Friday, January 25, 2013

Visiting Casanova di Neri Winery – Home of Award Winning Brunellos

Jan. 7, 2013 - Our appointment at Casanova di Neri Winery wasn’t until 3:30, so we enjoyed a leisurely lunch in Montalcino without being rushed. However, we ended up being late for our appointment because as the bus was heading down the hill towards the winery, we encountered a funeral procession with a priest and a cop leading it. The cop refused to let us pass, so we had to follow the procession for 20 minutes until they finally turned in the opposite direction.

Viticulture Practices at Casanova di Neri

Pier Luigi met us at the winery door and immediately led us across the street into one of their vineyards. He explained that this sangiovese vineyard was primarily clay based with 8 x 3 feet spacing, VPS cordon and around 7000 vines per hectare. However, their famous Cerretalto vineyard, planted in 1961 was on wider spacing with around 5000 vines per hectare and more gravely soil.

They are using sustainable winegrowing practices with no irrigation. He explained that recently they were “doing less” in the vineyard in terms of suckering, deleafing and green harvest as part of a new philosophy and in response to global warming. He mentioned that there is a big difference in day/night temperatures in Montalcino, with much cooler nights, which helps maintain grape quality.

While we were there, a large tractor was plowing a hillside close to the winery in order to plant more wheat. Pier Luigi explained that in Tuscany they believe in agriculture diversity, and that most wineries have 4 types of crops: vineyards, olive oil, wheat, and forest. He gestured to the surrounding countryside, and it was then that I realized that this practice was what created the beautiful checkerboard landscape of Tuscany with the tall cypress trees to delineate the fields and surround houses.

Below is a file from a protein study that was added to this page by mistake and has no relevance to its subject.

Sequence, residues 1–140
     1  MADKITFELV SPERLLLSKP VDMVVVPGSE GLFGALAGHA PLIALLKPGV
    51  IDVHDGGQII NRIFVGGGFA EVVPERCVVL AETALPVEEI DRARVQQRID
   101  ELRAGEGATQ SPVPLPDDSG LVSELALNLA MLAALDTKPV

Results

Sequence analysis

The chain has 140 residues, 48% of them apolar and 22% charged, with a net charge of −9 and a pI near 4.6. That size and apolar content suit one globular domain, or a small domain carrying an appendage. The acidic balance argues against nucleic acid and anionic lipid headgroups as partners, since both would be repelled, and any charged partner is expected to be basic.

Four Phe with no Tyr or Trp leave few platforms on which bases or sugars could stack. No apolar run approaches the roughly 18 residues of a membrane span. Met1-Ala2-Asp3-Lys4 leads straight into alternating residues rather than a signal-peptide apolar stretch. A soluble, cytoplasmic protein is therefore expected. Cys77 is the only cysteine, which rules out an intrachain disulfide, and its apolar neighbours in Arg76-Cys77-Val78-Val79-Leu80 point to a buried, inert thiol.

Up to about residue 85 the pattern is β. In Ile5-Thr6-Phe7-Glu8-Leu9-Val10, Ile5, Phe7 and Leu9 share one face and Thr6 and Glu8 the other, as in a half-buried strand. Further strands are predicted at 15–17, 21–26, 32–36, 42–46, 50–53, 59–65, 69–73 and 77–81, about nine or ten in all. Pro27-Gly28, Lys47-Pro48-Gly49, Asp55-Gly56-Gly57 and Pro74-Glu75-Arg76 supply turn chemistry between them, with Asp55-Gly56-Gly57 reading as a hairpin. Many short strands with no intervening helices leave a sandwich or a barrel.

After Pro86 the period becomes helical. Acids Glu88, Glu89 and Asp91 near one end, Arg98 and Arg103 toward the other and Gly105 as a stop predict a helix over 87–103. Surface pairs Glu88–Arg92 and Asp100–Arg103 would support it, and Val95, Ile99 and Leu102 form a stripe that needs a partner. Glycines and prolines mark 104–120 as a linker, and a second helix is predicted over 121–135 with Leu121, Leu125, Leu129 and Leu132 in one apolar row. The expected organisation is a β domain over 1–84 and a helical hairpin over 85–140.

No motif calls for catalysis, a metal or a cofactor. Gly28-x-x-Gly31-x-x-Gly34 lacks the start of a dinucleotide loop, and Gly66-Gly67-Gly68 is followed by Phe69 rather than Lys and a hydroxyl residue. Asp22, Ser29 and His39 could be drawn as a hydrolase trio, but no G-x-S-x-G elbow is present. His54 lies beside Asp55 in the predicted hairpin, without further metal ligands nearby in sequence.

Winemaking Practices at Casanova di Neri

The Casanova di Neri Winery is a state-of-the-art gravity flow building buried in a hillside so you don’t even see it when you arrive at the small farmhouse that serves as winery visitor center. They produce around 18,000 cases per year. The process starts with sorting tables and destemmer on top, then grapes are gently transported to stainless steel tanks on the next level where they undergo fermentation for 24 days with average temperature of 25 to 29 C and punch down 2 to 6 times, depending on the vintage. Brix is usually 24 to 26 at harvest resulting in a 14.5% alcohol.

After fermentation only the free run juice is using for Brunello with the pressed juice going into other wines. They age in 10 to 30% new French and Slavonian oak, racking 2 to 3 times in first year but not in the second year. They try not to filter, but may fine. Total SO2 is 70. The blend is assembled and married in tank for 10-14 days before bottling. Pier Luigi said they export 50% of their wine, with the as USA their number one export market at 15% of production.

Tasting the 2007 Brunello

Back in the tasting room, Pier Luigi opened two bottles of the 2007 Brunello Casanova di Neri for us to taste. He said all of the grapes came from the vineyard across the street that we had visited. Both 2006 and 2007 were excellent vintages in Montalcino with the 2007 being bigger and fruiter, whereas the 2006 is known for more elegance.

The wine we tasted had a magnificent nose with dried cherry, spice, and dark berry notes. The tannins were huge, but it was still well-balanced with strong fruit, good acidity and well integrated oak. Excellent intensity and concentration of flavors with longing aging potential.

Pier Luigi suggested that this wine would be best in 2017, because ideally Brunello should be aged 10 years before drinking. Before we left, most of us purchased a bottle of two of Brunello, before heading to our second winery of the day.

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